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Gift Tax

A gift tax is a tax on the transfer of property by a living individual, without payment or a valuable exchange in return. The donor, not the recipient of the gift, is typically liable for the tax.

What Is Considered a Gift?

Anything that is considered valuable, above a threshold set by the Internal Revenue Service (IRS), can be taxed under a gift tax. Examples include large monetary donations or property like real estate. Once the gift reaches the threshold, the donor will be taxed at a rate ranging from 18 to 40 percent. Taxes are only owed once the donor has exceeded a lifetime exemption (currently $12.06 million), and then only on gifts that (in total to a given recipient) exceed the annual per-beneficiary exclusion, currently set at $16,000. Only amounts above this annual exclusion count toward the lifetime exclusion and are taxed if the lifetime exemption has been exhausted.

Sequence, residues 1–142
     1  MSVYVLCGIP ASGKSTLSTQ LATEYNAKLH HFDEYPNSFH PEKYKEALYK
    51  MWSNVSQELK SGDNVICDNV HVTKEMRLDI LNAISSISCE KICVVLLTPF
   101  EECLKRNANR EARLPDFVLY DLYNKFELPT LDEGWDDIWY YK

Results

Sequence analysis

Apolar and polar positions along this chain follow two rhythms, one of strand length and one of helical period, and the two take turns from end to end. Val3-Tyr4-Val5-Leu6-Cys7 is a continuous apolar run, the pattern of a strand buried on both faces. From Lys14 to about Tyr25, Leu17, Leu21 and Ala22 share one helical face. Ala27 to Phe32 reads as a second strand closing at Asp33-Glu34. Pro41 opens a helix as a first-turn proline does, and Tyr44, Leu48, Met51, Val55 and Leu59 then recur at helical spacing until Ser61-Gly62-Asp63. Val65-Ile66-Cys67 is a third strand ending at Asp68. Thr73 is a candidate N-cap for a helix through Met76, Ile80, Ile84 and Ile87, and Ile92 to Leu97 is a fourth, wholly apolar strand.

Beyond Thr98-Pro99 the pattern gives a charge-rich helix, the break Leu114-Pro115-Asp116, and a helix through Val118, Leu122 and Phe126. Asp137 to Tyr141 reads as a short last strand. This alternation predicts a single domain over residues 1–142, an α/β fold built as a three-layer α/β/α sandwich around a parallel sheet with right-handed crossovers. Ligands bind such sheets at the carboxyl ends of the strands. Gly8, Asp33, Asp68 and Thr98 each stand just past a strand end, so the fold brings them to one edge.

Some gifts are excluded by type, like medical and tuition payments, donations to charity, or certain donations to political organizations. A certain type of trust, called a Crummey trust, also avoids the gift tax.

What Is the Difference Among Gift Taxes, Inheritance Taxes, and Estate Taxes?

The main difference between a gift tax and inheritance and estate taxes is that the tax applies to a transfer of money or property from a living donor.

An estate tax is imposed on the net value of an individual’s taxable estate, after any exclusions or credits, at the time of death. An inheritance tax is levied upon the amounts each heir receives from the decedent, rather than on the estate as a whole.

While the federal government levies gift and estate taxes, it does not currently levy an inheritance tax. In addition to the federal gift tax, Connecticut is the only state to levy its own state-level gift tax. Most states have moved away from inheritance, estate, and gift taxes.

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